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Who Should Regulate Extremist Content Online?

Alastair Reed Orcid Logo, Adam Henschke

Advanced Sciences and Technologies for Security Applications, Pages: 175 - 198

Swansea University Author: Alastair Reed Orcid Logo

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Abstract

As liberal democracies grapple with the evolution of online political extremism, in addition to governments, social media and internet infrastructure companies have found themselves making more and more decisions about who gets to use their platforms, and what people say online. This raises the ques...

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Published in: Advanced Sciences and Technologies for Security Applications
ISBN: 9783030902209 9783030902216
ISSN: 1613-5113 2363-9466
Published: Cham Springer International Publishing 2021
Online Access: Check full text

URI: https://cronfa.swan.ac.uk/Record/cronfa59041
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first_indexed 2021-12-28T18:02:21Z
last_indexed 2022-01-05T04:27:51Z
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spelling 2022-01-04T16:57:00.4458466 v2 59041 2021-12-28 Who Should Regulate Extremist Content Online? 115297b63e005e2b75991efe269cd4a2 0000-0002-9060-5518 Alastair Reed Alastair Reed true false 2021-12-28 LAWD As liberal democracies grapple with the evolution of online political extremism, in addition to governments, social media and internet infrastructure companies have found themselves making more and more decisions about who gets to use their platforms, and what people say online. This raises the question that this paper explores, who should regulate extremist content online? In doing so the first part of the paper examines the evolution of the increasing role that social media and internet infrastructure companies have come to play in the regulating extremist content online, and the ethical challenges this presents. The second part of the paper explores three ethical challenges: i) the moral legitimacy of private actors, ii) the concentration of power in the hands of a few actors and iii) the lack of separation of powers in the content regulation process by private actors. Book chapter Advanced Sciences and Technologies for Security Applications 175 198 Springer International Publishing Cham 9783030902209 9783030902216 1613-5113 2363-9466 15 12 2021 2021-12-15 10.1007/978-3-030-90221-6_11 COLLEGE NANME Law COLLEGE CODE LAWD Swansea University Another institution paid the OA fee 2022-01-04T16:57:00.4458466 2021-12-28T17:54:21.9534365 Hillary Rodham Clinton School of Law Criminology Alastair Reed 0000-0002-9060-5518 1 Adam Henschke 2 59041__21941__0b5df5396d66405fbcabea54f3112673.pdf Reed-Henschke2021_Chapter_WhoShouldRegulateExtremistCont.pdf 2021-12-28T18:01:41.3198523 Output 331553 application/pdf Version of Record true This chapter is licensed under the terms of the Creative Commons Attribution 4.0 International License true eng http://creativecommons.org/licenses/by/4.0/
title Who Should Regulate Extremist Content Online?
spellingShingle Who Should Regulate Extremist Content Online?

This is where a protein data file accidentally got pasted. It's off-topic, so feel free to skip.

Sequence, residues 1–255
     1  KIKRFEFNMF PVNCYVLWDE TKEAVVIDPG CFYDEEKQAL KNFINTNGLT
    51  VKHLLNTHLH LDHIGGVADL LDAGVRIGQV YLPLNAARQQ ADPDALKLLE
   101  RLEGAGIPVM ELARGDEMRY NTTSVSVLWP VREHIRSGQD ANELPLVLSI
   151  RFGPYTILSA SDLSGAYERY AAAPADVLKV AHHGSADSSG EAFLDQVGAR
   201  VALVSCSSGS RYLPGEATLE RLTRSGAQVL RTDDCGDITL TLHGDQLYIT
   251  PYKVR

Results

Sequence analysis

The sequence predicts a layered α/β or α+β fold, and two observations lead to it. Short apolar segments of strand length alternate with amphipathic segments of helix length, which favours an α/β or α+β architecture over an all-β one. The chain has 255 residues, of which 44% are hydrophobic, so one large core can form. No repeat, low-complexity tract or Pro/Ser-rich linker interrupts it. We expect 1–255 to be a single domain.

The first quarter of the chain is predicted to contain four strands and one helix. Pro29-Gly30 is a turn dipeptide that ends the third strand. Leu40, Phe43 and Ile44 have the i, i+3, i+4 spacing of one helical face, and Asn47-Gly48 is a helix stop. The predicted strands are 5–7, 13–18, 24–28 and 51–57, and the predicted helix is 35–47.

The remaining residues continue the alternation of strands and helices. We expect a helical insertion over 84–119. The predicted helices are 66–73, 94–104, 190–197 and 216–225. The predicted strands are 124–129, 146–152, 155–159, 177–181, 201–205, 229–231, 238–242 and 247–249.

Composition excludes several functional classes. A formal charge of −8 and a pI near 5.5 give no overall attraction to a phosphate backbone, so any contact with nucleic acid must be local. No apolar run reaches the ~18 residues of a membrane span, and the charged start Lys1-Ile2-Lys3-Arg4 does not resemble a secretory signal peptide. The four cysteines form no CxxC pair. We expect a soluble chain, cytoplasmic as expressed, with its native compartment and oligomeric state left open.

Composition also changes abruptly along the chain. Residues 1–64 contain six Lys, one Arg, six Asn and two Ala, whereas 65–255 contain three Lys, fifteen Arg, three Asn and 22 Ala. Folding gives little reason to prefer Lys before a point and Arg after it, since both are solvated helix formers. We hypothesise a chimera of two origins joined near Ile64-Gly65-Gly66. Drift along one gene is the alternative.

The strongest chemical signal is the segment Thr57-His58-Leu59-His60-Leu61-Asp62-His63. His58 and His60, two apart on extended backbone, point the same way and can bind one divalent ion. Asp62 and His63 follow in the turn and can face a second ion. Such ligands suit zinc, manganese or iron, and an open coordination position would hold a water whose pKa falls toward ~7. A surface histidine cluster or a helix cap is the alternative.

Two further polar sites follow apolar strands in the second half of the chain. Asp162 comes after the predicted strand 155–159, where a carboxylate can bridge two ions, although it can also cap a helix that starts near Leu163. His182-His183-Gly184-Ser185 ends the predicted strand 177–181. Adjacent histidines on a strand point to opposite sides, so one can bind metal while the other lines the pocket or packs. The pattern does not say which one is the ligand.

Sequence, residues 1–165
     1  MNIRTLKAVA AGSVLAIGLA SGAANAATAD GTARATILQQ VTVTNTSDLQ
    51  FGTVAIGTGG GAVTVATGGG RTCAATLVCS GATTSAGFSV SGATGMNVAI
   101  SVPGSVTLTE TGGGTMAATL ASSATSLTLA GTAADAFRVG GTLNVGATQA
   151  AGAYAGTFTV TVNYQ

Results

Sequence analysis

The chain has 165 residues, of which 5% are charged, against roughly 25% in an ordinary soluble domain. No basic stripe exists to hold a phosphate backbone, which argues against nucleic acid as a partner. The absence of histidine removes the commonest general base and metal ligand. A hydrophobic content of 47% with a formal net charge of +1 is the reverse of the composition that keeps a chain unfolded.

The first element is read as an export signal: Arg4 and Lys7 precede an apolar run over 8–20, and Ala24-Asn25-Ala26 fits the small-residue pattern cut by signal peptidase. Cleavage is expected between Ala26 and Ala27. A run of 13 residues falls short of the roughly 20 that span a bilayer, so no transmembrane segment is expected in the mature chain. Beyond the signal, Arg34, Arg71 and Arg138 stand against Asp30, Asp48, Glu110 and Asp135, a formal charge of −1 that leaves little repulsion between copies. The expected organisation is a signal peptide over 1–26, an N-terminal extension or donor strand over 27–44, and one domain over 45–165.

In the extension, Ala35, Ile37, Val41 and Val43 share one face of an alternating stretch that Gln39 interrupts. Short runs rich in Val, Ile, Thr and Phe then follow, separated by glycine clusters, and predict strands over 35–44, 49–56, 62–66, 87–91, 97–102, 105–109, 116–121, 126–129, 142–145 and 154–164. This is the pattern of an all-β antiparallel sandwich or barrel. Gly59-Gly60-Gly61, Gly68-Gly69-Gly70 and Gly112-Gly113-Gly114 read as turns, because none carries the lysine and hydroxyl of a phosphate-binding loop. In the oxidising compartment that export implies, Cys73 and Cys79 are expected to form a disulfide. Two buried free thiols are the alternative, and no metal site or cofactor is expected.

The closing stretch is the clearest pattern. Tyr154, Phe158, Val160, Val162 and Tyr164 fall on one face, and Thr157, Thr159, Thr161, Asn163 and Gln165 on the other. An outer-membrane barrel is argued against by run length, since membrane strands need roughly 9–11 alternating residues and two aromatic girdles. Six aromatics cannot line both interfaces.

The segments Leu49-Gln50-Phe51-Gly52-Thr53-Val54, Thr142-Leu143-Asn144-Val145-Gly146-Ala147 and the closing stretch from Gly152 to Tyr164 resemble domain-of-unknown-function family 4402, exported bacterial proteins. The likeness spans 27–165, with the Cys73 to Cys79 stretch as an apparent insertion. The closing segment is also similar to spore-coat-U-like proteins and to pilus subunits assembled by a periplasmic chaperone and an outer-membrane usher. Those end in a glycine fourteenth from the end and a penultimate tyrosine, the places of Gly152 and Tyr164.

Alastair Reed
title_short Who Should Regulate Extremist Content Online?
title_full Who Should Regulate Extremist Content Online?
title_fullStr Who Should Regulate Extremist Content Online?
title_full_unstemmed Who Should Regulate Extremist Content Online?
title_sort Who Should Regulate Extremist Content Online?
author_id_str_mv 115297b63e005e2b75991efe269cd4a2
author_id_fullname_str_mv 115297b63e005e2b75991efe269cd4a2_***_Alastair Reed
author Alastair Reed
author2 Alastair Reed
Adam Henschke
format Book chapter
container_title Advanced Sciences and Technologies for Security Applications
container_start_page 175
publishDate 2021
institution Swansea University
isbn 9783030902209
9783030902216
issn 1613-5113
2363-9466
doi_str_mv 10.1007/978-3-030-90221-6_11
publisher Springer International Publishing
college_str Hillary Rodham Clinton School of Law
hierarchytype
hierarchy_top_id hillaryrodhamclintonschooloflaw
hierarchy_top_title Hillary Rodham Clinton School of Law
hierarchy_parent_id hillaryrodhamclintonschooloflaw
hierarchy_parent_title Hillary Rodham Clinton School of Law
department_str Criminology{{{_:::_}}}Hillary Rodham Clinton School of Law{{{_:::_}}}Criminology
document_store_str 1
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description As liberal democracies grapple with the evolution of online political extremism, in addition to governments, social media and internet infrastructure companies have found themselves making more and more decisions about who gets to use their platforms, and what people say online. This raises the question that this paper explores, who should regulate extremist content online? In doing so the first part of the paper examines the evolution of the increasing role that social media and internet infrastructure companies have come to play in the regulating extremist content online, and the ethical challenges this presents. The second part of the paper explores three ethical challenges: i) the moral legitimacy of private actors, ii) the concentration of power in the hands of a few actors and iii) the lack of separation of powers in the content regulation process by private actors.
published_date 2021-12-15T04:16:03Z
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score 10.88812